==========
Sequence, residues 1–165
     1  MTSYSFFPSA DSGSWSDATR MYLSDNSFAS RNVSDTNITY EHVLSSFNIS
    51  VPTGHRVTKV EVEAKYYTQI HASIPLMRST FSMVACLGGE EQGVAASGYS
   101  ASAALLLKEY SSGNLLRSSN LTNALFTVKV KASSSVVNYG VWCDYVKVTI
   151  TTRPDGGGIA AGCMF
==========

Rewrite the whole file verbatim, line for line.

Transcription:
Sequence, residues 1–165
     1  MTSYSFFPSA DSGSWSDATR MYLSDNSFAS RNVSDTNITY EHVLSSFNIS
    51  VPTGHRVTKV EVEAKYYTQI HASIPLMRST FSMVACLGGE EQGVAASGYS
   101  ASAALLLKEY SSGNLLRSSN LTNALFTVKV KASSSVVNYG VWCDYVKVTI
   151  TTRPDGGGIA AGCMF